Elena Debrauske


1.62 m/s²

My thesis is an exploration into my past focusing on how I found my love for sewing through quilting circles with my grandmother. Every Wednesday my grandmother had her “quilting ladies” over to sew and make quilts for women’s shelters. My curiosity led me to  joining them and helping out  where I could. Quilting is a way to tell a story through three layers of fabric. My story lies heavily within the moon and how this lunar object has control over us, and  my love for the 1960s space age in fashion history. Through Sol Lewitt’s methods of art installation I am able to translate the surfaces of the moon into my grandmother’s favorite quilting patterns.
My fabrics were chosen based on comfort and the shape that they form when quilted, using a range of different batting to form my garments. By using only shades of white I am able to render the texture of the moon within my garments and by draping with padded geometric shapes, an oval, circle, and a square I was able to inform the shapes of the silhouettes. Giving the looks a sense of elegance and sophistication. While I wish I could be designing for someone living on the moon, my garments are designed for a woman like myself, someone who is fascinated by space and has a love for tradition and nostalgia.
Image: Comparing the texture from a quilt to different surfaces and finding these textures through artists work. With the white and monochromatic color story we rely on shadows and depth to create texture whether that is Robert Ryman’s Imposto paintings or Louise Nevelson’s 3D sculptures with found objects. The moons surface has these large craters that cast shadows which contrast the higher ground, giving it the most beautiful dimension.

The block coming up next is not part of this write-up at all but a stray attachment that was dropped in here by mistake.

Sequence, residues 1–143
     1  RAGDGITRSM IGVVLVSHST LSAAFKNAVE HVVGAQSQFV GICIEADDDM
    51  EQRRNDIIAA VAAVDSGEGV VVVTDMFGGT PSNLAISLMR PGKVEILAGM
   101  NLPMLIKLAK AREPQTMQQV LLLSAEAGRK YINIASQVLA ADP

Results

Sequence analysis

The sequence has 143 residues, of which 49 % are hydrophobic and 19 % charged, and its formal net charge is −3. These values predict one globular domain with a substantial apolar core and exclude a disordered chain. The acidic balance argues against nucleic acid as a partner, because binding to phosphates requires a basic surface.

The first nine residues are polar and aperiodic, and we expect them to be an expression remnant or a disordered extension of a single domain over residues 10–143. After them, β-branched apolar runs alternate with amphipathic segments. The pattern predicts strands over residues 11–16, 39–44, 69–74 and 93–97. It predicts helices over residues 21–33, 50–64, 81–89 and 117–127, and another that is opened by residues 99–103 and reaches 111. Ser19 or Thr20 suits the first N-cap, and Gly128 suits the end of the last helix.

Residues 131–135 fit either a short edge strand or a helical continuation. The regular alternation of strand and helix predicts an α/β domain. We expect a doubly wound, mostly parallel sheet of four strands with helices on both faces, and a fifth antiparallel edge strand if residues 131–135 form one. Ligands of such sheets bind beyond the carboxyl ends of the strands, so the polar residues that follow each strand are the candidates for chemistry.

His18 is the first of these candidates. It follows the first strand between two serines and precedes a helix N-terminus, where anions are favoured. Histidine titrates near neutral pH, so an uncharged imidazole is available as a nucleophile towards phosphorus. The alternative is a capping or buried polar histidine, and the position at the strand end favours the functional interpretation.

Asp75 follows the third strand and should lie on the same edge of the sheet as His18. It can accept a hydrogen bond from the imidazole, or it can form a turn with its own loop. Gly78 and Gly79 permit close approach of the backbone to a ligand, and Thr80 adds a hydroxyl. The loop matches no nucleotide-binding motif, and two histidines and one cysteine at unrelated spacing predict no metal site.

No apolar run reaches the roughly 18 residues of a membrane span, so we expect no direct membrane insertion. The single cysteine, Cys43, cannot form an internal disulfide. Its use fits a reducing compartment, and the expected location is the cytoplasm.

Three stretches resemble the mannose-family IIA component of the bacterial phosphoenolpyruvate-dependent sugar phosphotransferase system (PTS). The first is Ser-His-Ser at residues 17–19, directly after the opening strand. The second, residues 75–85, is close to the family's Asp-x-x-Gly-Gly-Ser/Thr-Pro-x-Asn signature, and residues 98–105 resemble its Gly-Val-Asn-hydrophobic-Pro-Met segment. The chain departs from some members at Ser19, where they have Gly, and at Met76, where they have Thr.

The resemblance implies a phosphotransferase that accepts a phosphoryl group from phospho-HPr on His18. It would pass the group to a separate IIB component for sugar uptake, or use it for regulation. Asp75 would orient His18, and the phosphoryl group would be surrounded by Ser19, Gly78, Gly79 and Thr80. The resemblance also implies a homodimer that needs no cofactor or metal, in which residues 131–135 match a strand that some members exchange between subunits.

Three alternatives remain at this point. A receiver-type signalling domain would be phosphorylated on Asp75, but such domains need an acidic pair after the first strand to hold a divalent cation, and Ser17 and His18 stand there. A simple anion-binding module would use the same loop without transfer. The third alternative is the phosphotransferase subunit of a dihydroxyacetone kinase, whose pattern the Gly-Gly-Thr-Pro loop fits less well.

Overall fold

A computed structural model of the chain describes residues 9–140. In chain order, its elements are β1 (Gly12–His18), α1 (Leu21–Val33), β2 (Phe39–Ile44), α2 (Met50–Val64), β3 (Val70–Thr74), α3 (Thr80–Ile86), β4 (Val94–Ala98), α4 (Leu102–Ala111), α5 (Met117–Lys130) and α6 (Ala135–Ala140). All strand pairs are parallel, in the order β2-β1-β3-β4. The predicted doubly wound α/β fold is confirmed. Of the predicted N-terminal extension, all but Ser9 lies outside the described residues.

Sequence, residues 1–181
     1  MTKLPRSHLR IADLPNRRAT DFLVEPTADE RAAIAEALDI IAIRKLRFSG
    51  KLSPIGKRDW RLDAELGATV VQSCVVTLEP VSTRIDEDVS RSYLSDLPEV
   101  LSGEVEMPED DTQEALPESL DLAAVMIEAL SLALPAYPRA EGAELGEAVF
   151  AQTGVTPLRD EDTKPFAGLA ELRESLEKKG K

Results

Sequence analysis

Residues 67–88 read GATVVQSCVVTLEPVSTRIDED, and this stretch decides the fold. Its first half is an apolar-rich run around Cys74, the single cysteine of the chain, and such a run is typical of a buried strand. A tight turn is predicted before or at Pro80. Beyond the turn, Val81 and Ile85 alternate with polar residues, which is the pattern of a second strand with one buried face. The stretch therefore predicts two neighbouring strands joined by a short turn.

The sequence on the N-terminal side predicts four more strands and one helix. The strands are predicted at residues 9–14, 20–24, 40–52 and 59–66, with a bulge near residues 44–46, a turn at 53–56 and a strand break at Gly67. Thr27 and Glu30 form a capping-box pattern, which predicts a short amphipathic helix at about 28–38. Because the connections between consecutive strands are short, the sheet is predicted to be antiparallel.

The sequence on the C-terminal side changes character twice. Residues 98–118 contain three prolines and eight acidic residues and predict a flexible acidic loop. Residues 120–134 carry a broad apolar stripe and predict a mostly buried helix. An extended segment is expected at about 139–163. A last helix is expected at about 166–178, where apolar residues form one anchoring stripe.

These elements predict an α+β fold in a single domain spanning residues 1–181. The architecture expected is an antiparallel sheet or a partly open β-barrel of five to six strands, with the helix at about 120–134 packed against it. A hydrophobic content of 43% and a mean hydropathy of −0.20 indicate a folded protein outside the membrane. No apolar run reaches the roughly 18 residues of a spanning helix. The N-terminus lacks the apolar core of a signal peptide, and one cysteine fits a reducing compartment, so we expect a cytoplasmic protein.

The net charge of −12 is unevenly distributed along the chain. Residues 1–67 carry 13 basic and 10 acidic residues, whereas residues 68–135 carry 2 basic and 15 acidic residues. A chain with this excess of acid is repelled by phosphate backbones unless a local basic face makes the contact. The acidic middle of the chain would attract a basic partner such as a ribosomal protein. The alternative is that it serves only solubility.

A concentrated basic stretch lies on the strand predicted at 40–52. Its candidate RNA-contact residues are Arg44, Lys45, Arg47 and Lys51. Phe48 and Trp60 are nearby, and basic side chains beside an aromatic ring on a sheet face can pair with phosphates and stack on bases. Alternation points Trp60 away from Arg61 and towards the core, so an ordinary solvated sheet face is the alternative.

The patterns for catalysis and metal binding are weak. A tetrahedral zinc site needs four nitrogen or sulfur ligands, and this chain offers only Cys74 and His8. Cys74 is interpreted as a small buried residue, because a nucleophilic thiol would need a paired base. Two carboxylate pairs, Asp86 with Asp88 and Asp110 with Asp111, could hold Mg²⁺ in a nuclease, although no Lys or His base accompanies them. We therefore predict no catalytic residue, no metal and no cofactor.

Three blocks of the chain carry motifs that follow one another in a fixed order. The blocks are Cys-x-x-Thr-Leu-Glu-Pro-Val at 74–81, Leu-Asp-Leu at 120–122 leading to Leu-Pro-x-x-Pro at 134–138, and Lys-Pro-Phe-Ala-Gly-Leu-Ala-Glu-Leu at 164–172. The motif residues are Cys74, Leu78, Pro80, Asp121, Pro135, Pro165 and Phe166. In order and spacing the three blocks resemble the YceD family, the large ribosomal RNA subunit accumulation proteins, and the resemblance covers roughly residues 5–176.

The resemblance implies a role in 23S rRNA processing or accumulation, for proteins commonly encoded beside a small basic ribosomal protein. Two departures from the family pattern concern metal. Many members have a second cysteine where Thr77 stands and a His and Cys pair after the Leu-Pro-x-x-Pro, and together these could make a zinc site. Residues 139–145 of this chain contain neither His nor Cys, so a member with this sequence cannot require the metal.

Image: I started my exploration in finding my motif for quilting by tracing the surface of the moon as it reminded me of the texture of quilting.
Image: Using Sol Lewitts process of art making, I used my moon trancings and reaaranged them into different quilt layouts
Image: In Black - Sol Lewitts instructions for Wall art installation
Image: Silk charmeuse swatch using my found motifs. Bamboo batting and cotton jersey backing.
Image: Finding silhouettes through draping with a padded circle, oval and square.
Image: Acrylic ink and paint pen on thick water color paper
Image: Silk charmeuse top and shorts filled with a medium layer of primaloft batting. Faux leather bolero filled with thick prima loft batting. Hand quilted with silk thread.
Image: Baby-knit turtle neck with ring sleeve detail. Faux leather skirt quilted with silk thread and leather cording. Skirt filled with a thin layer of bamboo batting backed with a bamboo jersey.
Image: Silk charmeuse cape and skirt filled with medium primaloft batting paired with a baby-knit top with ring sleeve detail. Patch work quilts made by my grandparents in Milwaukee, WI. Hand quilted with silk thread.
Image: Faux leather dress with a thin layer of bamboo batting backed with bamboo jersey. Hand quilted with silk thread and faux leather cording. Paired with the baby-knit turtle neck with ring sleeves.
Image: Cape made from raw silk and silk charmeuse with a thick layer of primaloft batting paired with a baby-knit turtle neck dress with ring sleeve detail.
Image: Faux leather moon crator dress with medium Primaloft battingback with bamboo jersey. Quilted with silk thread and faux leather cording. Baby-knit turtleneck dress with ring sleeves.
Image: Raw silk puffer coat with thick primaloft batting backed with bamboo jersey. Quilted with silk thread. Baby-knit turtleneck dress with ring sleeves.


Elena Debrauske is a womenswear designer based in New York City. Her background in sewing with her grandma during her weekly quilting circles inspired her to pursue a career in which she could be creative. Her work is very personal, exploring things that are very close to her and comparing them to otherworldly objects. Her most recent work is inspired by the time she spent quilting with her grandmother, focusing on the textures and comparing them to the moon's surface. This led her to quilt using the moon craters as a map. She loves to create her own textiles, often using a monochromatic color story to emphasize texture. Debrauske is a recent graduate in Fashion Design at Parsons School of Design. During her time at Parsons she interned and worked at Danielle Frankel and Fleur Du Mal. 

Email edebrausje@gmail.com

Instagram  @eellaayynnaa_